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Cooling the primary mirror

Started by jimg@sonic.net, 08/10/2011 09:11AM
Posted 08/10/2011 09:11AM Opening Post
I've read a lot about the need to cool - or temperature equalize - the primary mirror. What is actually happen optically during this time? If I don't assist this process with a fan, will I just see distortion or "hard to focus" troubles or ...?

Orion XT12i Intelliscope push-to Dob
10mm and 25mm 1-1/4" Plossil eyepieces
2 1-1/4" Barlows
Orion Q70 26mm and 32mm 2" eyepieces
TMB Planetary II 4mm and 5mm eyepieces
Laser and 9X50 finder scope dual mounted
Posted 08/10/2011 09:54AM #1
You'll see a wavering image, same idea as the wavering above the surface of a hot road (but hopefully not that bad).

Of course atmospheric turbulence produces the same effect (or at least a very similar one). Both are made worse by higher power.

You can see a lot without a fan, although they get more important with larger mirrors. What happens is that when we get more experienced we start looking for our best-view-ever of objects. That pushes us to seek out the last few percentage points in a world of diminishing returns. In other words, at some point you'll know that you think you need a fan (maybe four fans).
Posted 08/10/2011 10:12AM | Edited 08/10/2011 10:12AM #2
Cooling is important, but almost more important is scrubbing the boundary layer (hot air on the surface) from the mirror surface. This can actually have a more profound effect on the way the mirror performs than equilibrium of the overall temperature. This is done with fans that blow across the upper surface of the mirror. Then 1 or 2 fans are placed to blow onto the bottom of the mirror, to make sure both sides are cooling down at the same rate. Unequal cooling can result in changes in the figure of the mirror.

[SIZE="Large"][/SIZE][COLOR="Blue"][/COLOR] Floyd Blue grin
Amateur Imager
Posted 08/10/2011 06:42PM #3
Jim Goodenough said:

I've read a lot about the need to cool - or temperature equalize - the primary mirror. What is actually happen optically during this time? If I don't assist this process with a fan, will I just see distortion or "hard to focus" troubles or ...?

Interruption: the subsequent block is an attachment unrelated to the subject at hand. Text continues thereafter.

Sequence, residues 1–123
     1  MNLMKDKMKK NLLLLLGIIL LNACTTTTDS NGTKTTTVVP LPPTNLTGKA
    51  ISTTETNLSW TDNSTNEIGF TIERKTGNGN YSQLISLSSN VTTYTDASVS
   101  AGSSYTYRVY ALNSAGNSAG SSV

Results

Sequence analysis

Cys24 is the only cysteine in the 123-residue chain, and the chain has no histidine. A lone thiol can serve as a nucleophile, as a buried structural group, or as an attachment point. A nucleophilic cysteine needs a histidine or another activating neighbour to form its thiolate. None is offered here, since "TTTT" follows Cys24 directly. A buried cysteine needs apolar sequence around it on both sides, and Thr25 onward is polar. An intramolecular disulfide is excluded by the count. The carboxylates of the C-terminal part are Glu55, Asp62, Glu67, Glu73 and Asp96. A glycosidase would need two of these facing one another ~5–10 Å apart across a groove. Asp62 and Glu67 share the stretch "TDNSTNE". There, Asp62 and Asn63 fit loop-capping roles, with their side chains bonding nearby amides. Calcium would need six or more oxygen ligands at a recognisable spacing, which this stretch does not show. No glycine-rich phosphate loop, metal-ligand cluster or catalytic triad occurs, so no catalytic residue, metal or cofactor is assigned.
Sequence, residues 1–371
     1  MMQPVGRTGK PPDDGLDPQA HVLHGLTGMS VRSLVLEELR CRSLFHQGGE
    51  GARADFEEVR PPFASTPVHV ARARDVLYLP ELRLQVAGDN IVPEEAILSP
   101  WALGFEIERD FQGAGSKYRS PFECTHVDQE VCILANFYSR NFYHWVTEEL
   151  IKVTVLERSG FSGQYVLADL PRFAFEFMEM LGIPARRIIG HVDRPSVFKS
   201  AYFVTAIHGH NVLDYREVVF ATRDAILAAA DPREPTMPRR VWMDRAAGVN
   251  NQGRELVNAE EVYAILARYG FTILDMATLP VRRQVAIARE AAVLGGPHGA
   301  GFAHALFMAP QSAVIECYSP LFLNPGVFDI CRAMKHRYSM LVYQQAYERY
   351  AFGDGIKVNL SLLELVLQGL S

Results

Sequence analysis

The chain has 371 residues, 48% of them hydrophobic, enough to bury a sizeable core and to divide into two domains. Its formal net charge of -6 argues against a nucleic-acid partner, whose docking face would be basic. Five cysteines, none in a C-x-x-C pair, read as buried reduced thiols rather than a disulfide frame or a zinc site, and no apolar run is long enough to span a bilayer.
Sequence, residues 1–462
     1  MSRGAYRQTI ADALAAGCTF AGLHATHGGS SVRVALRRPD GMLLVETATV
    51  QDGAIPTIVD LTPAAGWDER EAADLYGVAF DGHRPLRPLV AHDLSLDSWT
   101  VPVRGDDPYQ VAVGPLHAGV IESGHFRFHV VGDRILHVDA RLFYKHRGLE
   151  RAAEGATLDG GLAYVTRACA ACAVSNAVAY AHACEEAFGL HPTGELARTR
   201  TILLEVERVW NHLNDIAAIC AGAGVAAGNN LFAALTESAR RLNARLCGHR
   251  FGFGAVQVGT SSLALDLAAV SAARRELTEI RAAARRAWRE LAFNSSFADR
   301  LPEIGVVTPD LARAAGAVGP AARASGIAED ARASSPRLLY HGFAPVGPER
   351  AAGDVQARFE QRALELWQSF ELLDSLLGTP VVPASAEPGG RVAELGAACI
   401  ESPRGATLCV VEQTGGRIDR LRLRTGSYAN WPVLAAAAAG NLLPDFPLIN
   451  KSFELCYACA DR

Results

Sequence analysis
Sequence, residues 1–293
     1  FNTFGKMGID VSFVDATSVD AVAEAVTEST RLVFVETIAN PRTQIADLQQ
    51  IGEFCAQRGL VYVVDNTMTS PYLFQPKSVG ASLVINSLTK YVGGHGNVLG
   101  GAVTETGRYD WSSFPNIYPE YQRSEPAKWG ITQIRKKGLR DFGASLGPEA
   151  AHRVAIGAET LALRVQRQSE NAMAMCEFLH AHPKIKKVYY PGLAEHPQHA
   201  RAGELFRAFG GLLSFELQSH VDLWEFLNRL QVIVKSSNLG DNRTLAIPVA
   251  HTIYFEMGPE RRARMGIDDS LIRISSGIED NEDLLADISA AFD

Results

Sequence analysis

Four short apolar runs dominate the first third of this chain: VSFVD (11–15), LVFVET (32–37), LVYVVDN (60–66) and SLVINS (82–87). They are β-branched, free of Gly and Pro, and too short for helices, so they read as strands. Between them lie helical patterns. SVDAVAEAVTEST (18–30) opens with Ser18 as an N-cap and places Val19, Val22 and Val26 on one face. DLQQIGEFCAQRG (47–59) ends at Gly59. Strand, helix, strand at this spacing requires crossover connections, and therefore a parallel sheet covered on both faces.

Jim:

There are various things going on while your scope is cooling down. The mirror does change shape but more important are the tube currents, these are convection currents inside the telescope itself that, as has been mentioned, distort the image so that it is not as sharp as it could be.

One can certainly enjoy the view while the scope is cooling, a thermally stable, "rock solid" scope is mostly important when viewing at high magnifications. Normally it is the stability of the atmosphere that limits the resolution of a larger telescope, you are looking through a column of air at least 60 miles long, if the air is turbulent, you cannot reach the maximum resolution... The tube currents and turbulence inside the scope add to this.

There are some nights when the atmosphere is very stable, depending on where you live, such nights maybe more common or less common but it is the stability of the atmosphere, called the "Seeing" that generally limits the resolution of your scope. Seeing is sometimes gauged in terms of arc-seconds, 1 arc-second seeing means you can resolve a 1 arc-second double star (if the scope is capable.) 1 arc-second requires a scope of at least 5 inches. To get a sense of just how small an arc-second is, it is equal to two lights about 15 inches apart, 50 miles away... 2 arc-second seeing might be considered average, 1 arc-second is rare most places.

I happen to live in San Diego near the coast, here, the seeing is often quite exceptional, 0.5 arc-second seeing is comparatively common. I also happen to enjoy splitting closely separated binary stars, to split a 0.5 arc-second double requires that exceptionally stable seeing, a stable mount and telescope of 10 inches aperture or more that is thermally rock solid.

I have a couple of scopes I use for this, the one I use most frequently is a rather pedestrian 10 inch F/5 GSO Dobsonian. I have made the effort to setup it so that it tracks nicely at extremely high magnifications and that the mirror and the telescope are cooled down by a fan system that is totally free from vibration... If the tube were to vibrate 3 microns, that is 6 wave lengths of light, that is enough to blur the image so that I could not split a 0.5 arc-second double...

Last mouth I was able to split Zeta Bootes at that 0.5 arc-seconds, the best image was at 821x. The image was perfect edge to edge, the two Airy disks separated by a thin dark line with the diffraction patterns surrounding them.

The key was having that scope cooled down with a fan that is free from vibration, there are many fan systems, not many that vibrationless at 800x...

This long story is not about me bragging.., Rather it is meant to emphasize the importance of a top notch fan system. The system I am using was custom built for my 10 inch F/5 Dobsonian by Floyd Blue... Whatever scope it is you buy, I recommend contacting Floyd, his system is clever but simple and inexpensive as well. You can build one cheaper than you can buy one from Floyd but when that first one doesn't quite get it and you have to start over, Floyd would have saved you money as well.

Jon Isaacs